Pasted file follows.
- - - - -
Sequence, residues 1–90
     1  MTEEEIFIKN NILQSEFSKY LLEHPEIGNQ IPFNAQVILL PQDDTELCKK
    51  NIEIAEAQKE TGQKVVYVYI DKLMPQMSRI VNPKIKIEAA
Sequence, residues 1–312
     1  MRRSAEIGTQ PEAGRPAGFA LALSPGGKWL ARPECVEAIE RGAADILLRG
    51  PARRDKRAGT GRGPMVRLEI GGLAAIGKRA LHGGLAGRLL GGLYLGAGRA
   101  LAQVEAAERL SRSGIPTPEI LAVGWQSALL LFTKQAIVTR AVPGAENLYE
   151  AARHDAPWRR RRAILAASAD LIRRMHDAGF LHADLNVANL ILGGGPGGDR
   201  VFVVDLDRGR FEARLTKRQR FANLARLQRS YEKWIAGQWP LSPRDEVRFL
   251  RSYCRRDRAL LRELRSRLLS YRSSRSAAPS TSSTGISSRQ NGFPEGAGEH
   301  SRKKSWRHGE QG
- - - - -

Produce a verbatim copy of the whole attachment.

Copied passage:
Sequence, residues 1–90
     1  MTEEEIFIKN NILQSEFSKY LLEHPEIGNQ IPFNAQVILL PQDDTELCKK
    51  NIEIAEAQKE TGQKVVYVYI DKLMPQMSRI VNPKIKIEAA
Sequence, residues 1–312
     1  MRRSAEIGTQ PEAGRPAGFA LALSPGGKWL ARPECVEAIE RGAADILLRG
    51  PARRDKRAGT GRGPMVRLEI GGLAAIGKRA LHGGLAGRLL GGLYLGAGRA
   101  LAQVEAAERL SRSGIPTPEI LAVGWQSALL LFTKQAIVTR AVPGAENLYE
   151  AARHDAPWRR RRAILAASAD LIRRMHDAGF LHADLNVANL ILGGGPGGDR
   201  VFVVDLDRGR FEARLTKRQR FANLARLQRS YEKWIAGQWP LSPRDEVRFL
   251  RSYCRRDRAL LRELRSRLLS YRSSRSAAPS TSSTGISSRQ NGFPEGAGEH
   301  SRKKSWRHGE QG